Kung Fu Grading Philosophy Chinese Martial Arts

About kung fu grading philosophy, if you are thinking about gradings in Chinese martial arts, whether you are able to sit them or not, whether you are ready, do you know all the elements to grade in your system?

It is that time of the year when we start thinking about our kung fu or martial arts gradings and whether we are able to sit them or not. Are we ready? Do we know all the elements we need to know?

Each of our grading level manuals has a section on gradings explaining what we need to know and also listing minimum requirements before being able to sit for the next grading. Does this mean once we have completed the “time” does it automatically enable us to sit the exam ???

I am planning to sit for my kung fu 5th level in the upcoming gradings and started to reflect on what it means to grade, why we do it and some of the misconceptions.

“A good traveller has no fixed plan, and is not intent on arriving”
- Lao Tzu (chinese Taoist philosopher)

History of the Chinese martial arts grading system

Traditionally the Chinese arts of kung fu had no formal belt ranking system. The “black belt” as we know it was a result of wear and tear. In ancient times, a student in training would wear a white belt. Over the course of months to years this white belt would become dirty and increasingly dark. By the time a beginner had mastered his art, his once pristine white belt would be black. Hence the black belt was reserved as a mark of a long time student in honour of this tradition.

The first modern belt ranking system was introduced in the sport of Judo by its founder Jigoro Kano in the 1880s. It was initially just a white and a black belt only however in the early 1900s this expanded to a coloured belt ranking system. This was then adopted by Gichin Funaskoshi (considered father of modern karate) as karate spread from Okinawa to Japan.

This system of ranking then spread to other martial arts with clubs using coloured belts or in our case at Golden Lion – the sash with stripes and tassels. This concept of ranking with belts/stripes has now been adopted as “standards of operating procedure” at most martial art schools.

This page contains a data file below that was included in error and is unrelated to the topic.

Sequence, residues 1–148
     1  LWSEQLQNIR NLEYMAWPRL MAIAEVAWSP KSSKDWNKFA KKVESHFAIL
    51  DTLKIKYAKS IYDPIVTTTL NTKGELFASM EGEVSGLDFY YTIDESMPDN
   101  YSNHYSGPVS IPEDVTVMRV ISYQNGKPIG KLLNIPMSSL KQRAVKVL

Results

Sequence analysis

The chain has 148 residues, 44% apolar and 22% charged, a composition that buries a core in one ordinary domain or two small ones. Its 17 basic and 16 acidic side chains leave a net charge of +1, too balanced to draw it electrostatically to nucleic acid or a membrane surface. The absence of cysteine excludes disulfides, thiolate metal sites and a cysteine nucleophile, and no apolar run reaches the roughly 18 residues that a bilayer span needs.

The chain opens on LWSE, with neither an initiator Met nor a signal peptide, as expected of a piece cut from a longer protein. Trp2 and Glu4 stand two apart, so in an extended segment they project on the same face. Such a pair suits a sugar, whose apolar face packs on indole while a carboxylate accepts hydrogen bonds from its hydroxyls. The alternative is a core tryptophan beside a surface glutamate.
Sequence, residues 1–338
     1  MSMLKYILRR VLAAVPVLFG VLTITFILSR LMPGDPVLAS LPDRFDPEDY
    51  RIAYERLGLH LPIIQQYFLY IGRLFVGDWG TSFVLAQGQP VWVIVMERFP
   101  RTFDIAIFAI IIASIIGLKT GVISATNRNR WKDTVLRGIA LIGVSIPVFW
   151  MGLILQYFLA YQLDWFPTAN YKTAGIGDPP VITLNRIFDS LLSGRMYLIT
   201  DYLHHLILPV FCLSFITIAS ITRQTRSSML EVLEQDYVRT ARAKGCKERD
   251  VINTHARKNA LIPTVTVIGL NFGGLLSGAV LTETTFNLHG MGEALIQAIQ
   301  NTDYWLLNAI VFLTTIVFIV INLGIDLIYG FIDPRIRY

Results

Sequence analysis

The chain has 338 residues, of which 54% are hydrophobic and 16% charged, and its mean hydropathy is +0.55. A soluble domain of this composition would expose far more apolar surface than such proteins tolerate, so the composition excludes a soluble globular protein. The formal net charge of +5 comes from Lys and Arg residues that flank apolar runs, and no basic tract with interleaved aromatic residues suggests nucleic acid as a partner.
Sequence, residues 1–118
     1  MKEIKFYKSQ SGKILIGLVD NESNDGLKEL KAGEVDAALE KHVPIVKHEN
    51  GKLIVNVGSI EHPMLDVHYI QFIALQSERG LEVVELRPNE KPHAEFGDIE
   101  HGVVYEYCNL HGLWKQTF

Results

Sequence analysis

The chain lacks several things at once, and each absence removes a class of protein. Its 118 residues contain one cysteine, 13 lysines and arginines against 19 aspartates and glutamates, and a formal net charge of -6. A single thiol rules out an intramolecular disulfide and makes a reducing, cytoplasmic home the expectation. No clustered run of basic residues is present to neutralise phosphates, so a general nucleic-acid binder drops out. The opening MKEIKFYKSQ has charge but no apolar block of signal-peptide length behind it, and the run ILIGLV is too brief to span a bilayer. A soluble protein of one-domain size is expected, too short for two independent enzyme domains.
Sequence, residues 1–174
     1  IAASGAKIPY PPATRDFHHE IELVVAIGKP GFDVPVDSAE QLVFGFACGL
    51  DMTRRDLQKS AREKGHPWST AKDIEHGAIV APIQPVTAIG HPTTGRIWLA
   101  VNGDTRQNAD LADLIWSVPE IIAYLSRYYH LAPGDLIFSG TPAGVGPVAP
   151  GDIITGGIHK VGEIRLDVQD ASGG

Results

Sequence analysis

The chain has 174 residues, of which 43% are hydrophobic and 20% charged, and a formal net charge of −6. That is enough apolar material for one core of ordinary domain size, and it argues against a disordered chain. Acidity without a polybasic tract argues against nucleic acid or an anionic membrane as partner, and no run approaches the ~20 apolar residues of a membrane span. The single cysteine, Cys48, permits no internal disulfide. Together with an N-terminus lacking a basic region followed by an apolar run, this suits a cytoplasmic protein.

It is important to remember that rank and belts are not equivalent between different styles. The different belt colour or number of stripes does provide a focal point for the newer student as they have someone to ask or copy if they are uncertain of a particular technique, application, etc.

The Black Belt Obsession

Unfortunately the grading system has been somewhat “commercialised” by some schools – and can be used as a marketing gimmick – eg “join this club with a guarantee of reaching a black-belt in 1-2 yrs”. This is probably more of a problem in other parts of the world rather than in Australia with the appearance of the so called “McDojo” (ie McDonald like) schools popping up on every corner. This can promote the so called “Black Belt Obsession.”

“If the only reason you want to do martial arts is to get a black belt to show off to your friends then save yourself (and your teacher) the time and trouble and just go and buy one. Because if that is your only focus you are going to miss the real value behind the art”.

Philosophy behind gradngs

Philosophy means “love of wisdom.”

When most people think about martial arts they associate it with fighting or self defence. In part this is somewhat true – martial arts is about training oneself to defend him or herself but this physical training is really only one part of the equation. There is much more that can be obtained – personal growth and development, learning to stay calm and centred both in our classes but also in the “outside world” and much more...

It is important to remember that the transition from first grade, to second grade, etc has less to do with the techniques than with learning the methodology and procedures to think like a martial artist. “How long should it take — as long as it takes, no longer and rarely sooner.”

Embarking on the path of kung fu is about embarking on a journey. Different martial arts have different paths but all lead to the same goal.

There are minimum requirements which need to be met before presenting for the next grading, these are in our manuals and also on the wall in class. It is important to realise that no two people follow exactly the same path and there will be different obstacles to overcome. Certain parts of the path may be longer for some than others. Even though we may have done the required number of classes we need to be confident within ourself that we know the various elements for that level. I think perhaps the most important factor is simply asking Si Gung or SiFu for their opinion on our suitability to grade.

The gaining of each stripe on our sash is simply an indicator that you have proven yourself ready to learn new material. It focuses on the journey and not the “end goal”. Then once you have achieved a black belt – you become an advanced beginner. The belt signifies his passage from the ranks of those who are still learning to the ranks of those who’ve learned how to learn.

“Savouring the journey is often the prize,success is a journey not a destination.”

“Tell me and I will forget, Show me and I may remember, Involve me and I will understand”

Good luck in your upcoming gradings !

Thanks to Paul Ah-Tye, Kung Fu student Rowville, for this contribution.

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